Excerpt from The Xanthic Xena...
Tuesday, November 27, 2105 Hours
Jacob Gold grumbled as he switched on the garage light. He didn’t like coming out here, certainly at this hour of the night. The garage was dusty, cluttered with tools, car parts, and grease. In addition, the boxes he had to look for had been here forever and were covered with layer upon layer of dust and grime. He’d have to take a shower after he found the files. This project was getting out of hand. He had a flashlight, since the main light in the garage was intended to illuminate only the central area of the garage, not the side of the garage. The students who worked on restoring the old car parked on one side of the garage had spot lamps that they used to focus light wherever they were working. Perhaps he should use one of those lamps to reveal the box labels.
No, the flashlight would work well enough. He started to scan the labels, looking for item contents and dates. Then he saw the box he was looking for. It was on the top shelf. Of course. Where else would the damn box be? He was just glad it was in the front row of the boxes. It could have been the third row back and on the bottom.
He put the flashlight down on the floor, then looked around for something to stand on so he could reach the box. He found a small stepladder near the back of the garage. He opened it up and climbed up the first couple of steps. He could barely reach the box, which he pulled off of the shelf. He accidentally tilted the box, spilling clouds of dust into his face. He coughed, closing his eyes, as he struggled to pull the box down. He set the box on the garage floor, then tried to shake the dust off his face and out of his eyes. He sneezed, nearly knocking himself off the ladder. He stepped down, then put the ladder back against the back wall of the garage.
He squatted down to examine the contents of the banker’s box. He threw the lid onto the floor and started rifling through the manila folders and papers stored in the box. Although the contents were arranged in date order, there were a variety of different items contained in Professor Zovskii’s old files. Jacob had once opined that most of the items were probably on the internet. Zovskii insisted that was not true. “You won’t find true knowledge on the internet, Mr. Gold,” Zovskii had barked derisively that day in class. “True knowledge is found in the dusty archives of the world’s libraries.”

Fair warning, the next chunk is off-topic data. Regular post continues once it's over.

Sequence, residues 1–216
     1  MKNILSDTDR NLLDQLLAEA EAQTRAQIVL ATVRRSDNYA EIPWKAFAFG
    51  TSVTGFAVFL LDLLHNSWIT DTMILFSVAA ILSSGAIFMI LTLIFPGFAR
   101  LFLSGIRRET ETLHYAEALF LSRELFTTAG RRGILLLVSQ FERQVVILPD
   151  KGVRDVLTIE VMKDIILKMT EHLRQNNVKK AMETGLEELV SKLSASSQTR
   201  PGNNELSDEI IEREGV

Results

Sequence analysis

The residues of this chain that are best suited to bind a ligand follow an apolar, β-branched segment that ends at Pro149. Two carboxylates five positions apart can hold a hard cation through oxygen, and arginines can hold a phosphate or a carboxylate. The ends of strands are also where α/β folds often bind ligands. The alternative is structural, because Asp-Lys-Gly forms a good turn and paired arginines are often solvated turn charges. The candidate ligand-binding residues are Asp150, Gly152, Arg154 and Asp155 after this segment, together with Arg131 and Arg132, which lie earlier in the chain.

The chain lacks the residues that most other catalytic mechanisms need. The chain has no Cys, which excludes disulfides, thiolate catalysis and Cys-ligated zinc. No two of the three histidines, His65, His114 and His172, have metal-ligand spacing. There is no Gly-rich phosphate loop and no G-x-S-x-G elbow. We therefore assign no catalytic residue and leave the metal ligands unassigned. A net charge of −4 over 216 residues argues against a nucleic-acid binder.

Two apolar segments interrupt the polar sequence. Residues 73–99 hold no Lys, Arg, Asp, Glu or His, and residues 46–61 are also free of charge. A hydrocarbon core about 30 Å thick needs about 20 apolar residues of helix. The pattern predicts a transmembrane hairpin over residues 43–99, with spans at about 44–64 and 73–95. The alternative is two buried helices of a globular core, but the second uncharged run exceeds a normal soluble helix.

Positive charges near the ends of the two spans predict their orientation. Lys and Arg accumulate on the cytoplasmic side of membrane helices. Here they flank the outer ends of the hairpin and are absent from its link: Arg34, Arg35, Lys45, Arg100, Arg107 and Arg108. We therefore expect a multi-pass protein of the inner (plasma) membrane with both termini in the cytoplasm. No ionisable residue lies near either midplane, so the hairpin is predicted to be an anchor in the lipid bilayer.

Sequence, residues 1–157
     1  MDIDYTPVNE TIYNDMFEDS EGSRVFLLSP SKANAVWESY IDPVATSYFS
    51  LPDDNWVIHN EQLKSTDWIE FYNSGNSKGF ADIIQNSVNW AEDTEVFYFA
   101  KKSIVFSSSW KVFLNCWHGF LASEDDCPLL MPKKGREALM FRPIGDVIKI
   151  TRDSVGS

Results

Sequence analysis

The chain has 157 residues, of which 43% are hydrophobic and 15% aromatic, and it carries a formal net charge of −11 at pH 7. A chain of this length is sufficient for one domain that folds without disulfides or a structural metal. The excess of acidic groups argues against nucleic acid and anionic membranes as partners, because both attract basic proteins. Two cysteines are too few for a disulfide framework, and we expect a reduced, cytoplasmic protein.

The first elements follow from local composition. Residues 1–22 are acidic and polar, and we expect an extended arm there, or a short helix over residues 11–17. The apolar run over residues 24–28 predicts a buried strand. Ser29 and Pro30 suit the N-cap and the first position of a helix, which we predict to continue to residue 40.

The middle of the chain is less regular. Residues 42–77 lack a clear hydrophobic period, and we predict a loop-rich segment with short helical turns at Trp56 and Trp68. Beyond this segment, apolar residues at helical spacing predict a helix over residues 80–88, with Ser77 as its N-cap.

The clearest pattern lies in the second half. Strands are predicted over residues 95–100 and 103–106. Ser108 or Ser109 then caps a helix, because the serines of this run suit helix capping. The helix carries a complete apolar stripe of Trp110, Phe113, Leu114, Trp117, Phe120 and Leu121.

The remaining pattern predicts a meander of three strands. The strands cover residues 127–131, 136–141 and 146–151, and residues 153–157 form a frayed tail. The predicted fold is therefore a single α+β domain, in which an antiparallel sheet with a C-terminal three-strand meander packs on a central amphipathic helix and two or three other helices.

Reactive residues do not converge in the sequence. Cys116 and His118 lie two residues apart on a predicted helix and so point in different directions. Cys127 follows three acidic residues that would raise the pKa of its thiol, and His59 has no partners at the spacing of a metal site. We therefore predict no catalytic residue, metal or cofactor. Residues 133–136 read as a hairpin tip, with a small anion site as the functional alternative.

Or in the dusty boxes sorted in the garage of Zovskii’s enormous Victorian house.
Jacob heard a noise behind him, a shuffle of a shoe on the concrete floor, the flutter of clothing. He didn’t turn around, but kept searching through the papers. “Did you come out to help me?” he asked, a feeling of relief that he wouldn’t have to do this boring task alone. At least he would have someone to talk to. “Can you believe how many boxes of garbage old Zovskii has accumulated? It looks like he’s been hoarding newspaper clippings and letters for half a century.” He waited for a response, but when only silence greeted him, he laughed. “Of course it’s been half a century. Isn’t Zovskii in his seventies?”
The other student — probably Devi Kaur or Daniel Anders, since they were working on the project with him — didn’t say a word, but stepped closer. “Grab that box off the shelf,” said Jacob, pointing up to the top shelf. “Be careful of the dust. We should have been given air filters for this work. And you’ll need to get the ladder. I should have kept it out.”
The other person didn’t say anything, but Jacob could sense the person standing right behind him. He was about to turn around when he felt a heavy object smash into the side of his head. His head exploded with pain, and for the briefest moment, he saw strobes of colored lightning in front of him. Then, as he started to slump to the floor, his world went dark.
He had a couple of flashes of lucidity, very brief, almost surreal. He felt himself being dragged, pulled, and pushed. He was aware for a faction of a moment that he was in the car stored in the garage, an old 1966 Pontiac GTO that one of the students was restoring. The world went black again, then he was aware of the engine of the Pontiac rumbling to life. He wondered where they were going, then blacked out again.
When he next had a flash of awareness, it was that he had a pounding headache, and it was becoming more difficult for him to breathe.
And shortly after that, his vision dimmed and he ceased being aware of anything at all.